the details and if it doesn’t help, I’d back off and recognize that it wasn’t
working.

What’s the most
common misconception about asexuality that you’ve encountered?

That we identify as asexual because we can’t find someone to
have sex with.

What advice would you
give to any asexual individuals out there who might be struggling with their
orientation?

You aren’t broken, you weren’t made incorrectly, and most
importantly you are absolutely valid however you express yourself or identify.

Finally, where can
people find out more about your work?

You can find some of my work at my Tumblr at tripping-ace where I sometimes post
art but usually drop some stupid humor.

Thank you, Aodhan, for participating in this interview and this project. It’s very much appreciated.

Interview: Runesael Johansson

Today we’re joined by Runesael Johansson. Runesael is a wonderful digital artist who specializes in character design. He works mostly in roleplaying games like Dungeons and Dragons. He has recently gotten into drawing World of Warcraft characters too. It’s clear he’s a dedicated and passionate artist who loves what he does, as you’ll soon read. My thanks to him for taking the time to participate in this interview.

WORK

Please, tell us about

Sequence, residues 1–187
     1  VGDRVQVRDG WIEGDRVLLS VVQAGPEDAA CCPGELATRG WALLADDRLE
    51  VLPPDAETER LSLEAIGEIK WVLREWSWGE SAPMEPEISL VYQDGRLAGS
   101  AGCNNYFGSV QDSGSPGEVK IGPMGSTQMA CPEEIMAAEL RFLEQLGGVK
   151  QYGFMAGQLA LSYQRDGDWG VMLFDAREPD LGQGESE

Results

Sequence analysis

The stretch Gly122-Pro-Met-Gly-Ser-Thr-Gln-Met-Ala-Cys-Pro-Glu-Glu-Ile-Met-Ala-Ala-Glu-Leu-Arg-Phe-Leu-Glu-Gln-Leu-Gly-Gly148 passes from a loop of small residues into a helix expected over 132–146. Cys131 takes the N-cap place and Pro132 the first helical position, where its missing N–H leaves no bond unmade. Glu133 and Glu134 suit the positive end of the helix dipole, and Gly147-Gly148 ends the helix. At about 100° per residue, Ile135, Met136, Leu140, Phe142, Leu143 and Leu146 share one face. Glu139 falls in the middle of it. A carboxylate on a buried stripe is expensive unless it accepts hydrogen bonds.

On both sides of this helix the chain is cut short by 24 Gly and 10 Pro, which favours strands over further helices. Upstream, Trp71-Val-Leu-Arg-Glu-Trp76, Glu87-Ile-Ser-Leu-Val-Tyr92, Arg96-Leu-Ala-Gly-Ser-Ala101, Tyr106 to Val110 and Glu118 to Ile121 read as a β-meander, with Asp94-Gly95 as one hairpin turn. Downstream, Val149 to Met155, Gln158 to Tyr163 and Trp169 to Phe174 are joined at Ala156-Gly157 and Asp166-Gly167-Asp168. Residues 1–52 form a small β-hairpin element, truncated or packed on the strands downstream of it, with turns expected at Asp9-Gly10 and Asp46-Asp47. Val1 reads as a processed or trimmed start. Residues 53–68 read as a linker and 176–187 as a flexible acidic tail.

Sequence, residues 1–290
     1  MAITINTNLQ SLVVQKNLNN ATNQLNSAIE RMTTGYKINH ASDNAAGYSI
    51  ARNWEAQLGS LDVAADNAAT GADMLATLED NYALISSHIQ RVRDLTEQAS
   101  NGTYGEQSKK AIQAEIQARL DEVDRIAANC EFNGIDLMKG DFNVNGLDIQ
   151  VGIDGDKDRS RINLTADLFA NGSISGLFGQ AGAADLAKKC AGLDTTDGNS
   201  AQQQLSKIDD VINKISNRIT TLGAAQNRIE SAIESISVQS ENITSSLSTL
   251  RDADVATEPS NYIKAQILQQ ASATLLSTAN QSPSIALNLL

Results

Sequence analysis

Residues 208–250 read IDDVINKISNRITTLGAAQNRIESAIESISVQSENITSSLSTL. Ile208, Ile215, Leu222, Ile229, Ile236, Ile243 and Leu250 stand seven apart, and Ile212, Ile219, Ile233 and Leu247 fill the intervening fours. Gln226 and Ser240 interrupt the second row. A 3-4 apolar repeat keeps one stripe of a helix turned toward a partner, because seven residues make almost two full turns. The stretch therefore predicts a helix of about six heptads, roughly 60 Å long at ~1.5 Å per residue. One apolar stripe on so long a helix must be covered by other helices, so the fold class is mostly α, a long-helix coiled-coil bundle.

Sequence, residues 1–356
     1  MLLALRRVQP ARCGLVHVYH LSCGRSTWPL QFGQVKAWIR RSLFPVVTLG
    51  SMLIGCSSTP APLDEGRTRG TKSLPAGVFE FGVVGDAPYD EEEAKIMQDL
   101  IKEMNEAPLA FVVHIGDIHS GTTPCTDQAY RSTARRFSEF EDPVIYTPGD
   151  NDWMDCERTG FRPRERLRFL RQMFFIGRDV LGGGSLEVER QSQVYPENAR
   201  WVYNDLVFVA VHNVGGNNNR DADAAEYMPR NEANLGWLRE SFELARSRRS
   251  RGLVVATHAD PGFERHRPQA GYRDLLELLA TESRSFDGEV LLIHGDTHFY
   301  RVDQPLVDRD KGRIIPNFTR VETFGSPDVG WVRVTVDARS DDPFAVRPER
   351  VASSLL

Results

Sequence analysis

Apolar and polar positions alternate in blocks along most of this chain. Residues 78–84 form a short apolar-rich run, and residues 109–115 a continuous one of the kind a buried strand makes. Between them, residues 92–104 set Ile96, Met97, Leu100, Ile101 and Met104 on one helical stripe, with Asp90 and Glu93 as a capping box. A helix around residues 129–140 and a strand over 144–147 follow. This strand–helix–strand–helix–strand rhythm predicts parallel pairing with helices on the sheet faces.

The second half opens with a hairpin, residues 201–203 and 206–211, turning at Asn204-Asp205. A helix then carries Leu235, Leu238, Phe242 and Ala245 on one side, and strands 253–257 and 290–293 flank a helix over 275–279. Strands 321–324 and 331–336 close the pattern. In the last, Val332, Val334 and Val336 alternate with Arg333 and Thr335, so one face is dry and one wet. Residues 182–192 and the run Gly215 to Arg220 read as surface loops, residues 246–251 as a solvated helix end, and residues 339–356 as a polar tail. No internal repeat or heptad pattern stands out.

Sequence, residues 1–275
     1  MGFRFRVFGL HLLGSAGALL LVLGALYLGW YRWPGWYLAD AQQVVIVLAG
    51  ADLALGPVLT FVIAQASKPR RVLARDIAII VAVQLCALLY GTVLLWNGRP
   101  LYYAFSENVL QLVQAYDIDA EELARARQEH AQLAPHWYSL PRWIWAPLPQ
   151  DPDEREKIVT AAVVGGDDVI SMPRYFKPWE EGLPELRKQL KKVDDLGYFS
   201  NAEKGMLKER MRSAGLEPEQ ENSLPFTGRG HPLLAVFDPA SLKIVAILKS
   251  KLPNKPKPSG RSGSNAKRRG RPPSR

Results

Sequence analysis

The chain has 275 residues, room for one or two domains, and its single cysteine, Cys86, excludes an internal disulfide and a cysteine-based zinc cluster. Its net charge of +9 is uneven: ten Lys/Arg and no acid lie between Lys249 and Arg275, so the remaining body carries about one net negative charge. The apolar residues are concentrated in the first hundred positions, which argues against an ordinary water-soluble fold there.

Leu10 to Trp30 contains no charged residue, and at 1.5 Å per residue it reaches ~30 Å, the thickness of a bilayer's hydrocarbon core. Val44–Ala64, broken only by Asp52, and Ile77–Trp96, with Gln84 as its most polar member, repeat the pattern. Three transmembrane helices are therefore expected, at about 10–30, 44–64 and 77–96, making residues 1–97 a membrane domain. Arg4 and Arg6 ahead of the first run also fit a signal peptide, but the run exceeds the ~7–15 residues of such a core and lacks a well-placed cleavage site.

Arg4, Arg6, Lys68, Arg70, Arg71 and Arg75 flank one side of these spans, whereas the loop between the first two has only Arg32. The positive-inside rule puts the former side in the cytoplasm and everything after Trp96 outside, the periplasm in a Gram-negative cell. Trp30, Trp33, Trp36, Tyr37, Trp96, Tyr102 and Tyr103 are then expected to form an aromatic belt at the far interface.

your art.

Most of my work these days centers around Dungeons and
Dragons player characters and NPCs, alongside other TTRPGs and roleplaying
games. I’ve also done a fair amount of people’s characters from World of
Warcraft.

I work almost exclusively in Photoshop CS-6 or Procreate.

What inspires you?

Primarily, stories. One of my absolute favorite things about
doing the work that I do has to be hearing other people’s stories about their
characters and the adventures they’ve had with others. There’s such a broad
variety of individuals and experiences across the TTRPG community, so every
character I ever get to draw tends to be unique or unusual in some way. Even if
you have two chaotic good fighters from a small village who’ve sworn an oath to
protect their friends, say, those two fighters can and often will be radically
different people.

The TTRPG and WoW communities are both enormously creative,
and getting to see all of the various ideas that people come up with is
something I’m really grateful for and honored to be able to help bring to life.

Additionally, music – I can’t paint without it!

What got you
interested in your field?  Have you
always wanted to be an artist?

I began drawing because I wanted people to be able to see
the characters and places I described in my stories as a kid. However, it was
never really anything more than a serious hobby until about 2016.

As obnoxious as this might sound, I’ve never not been an artist, so I’m not sure what
it’s like to want to be one. I’ve been drawing since I could hold a crayon.

My original career was in music performance. An injury
exacerbated by overuse and stress pulled me out of a performance career, and I
kind of spent my twenties wandering around with absolutely no idea what I
wanted to do with myself or my life. I was really lost. I’d gotten a full
scholarship to a small school, and figured I’d make my way through a four year
degree before going on to pursue a masters. That did not happen.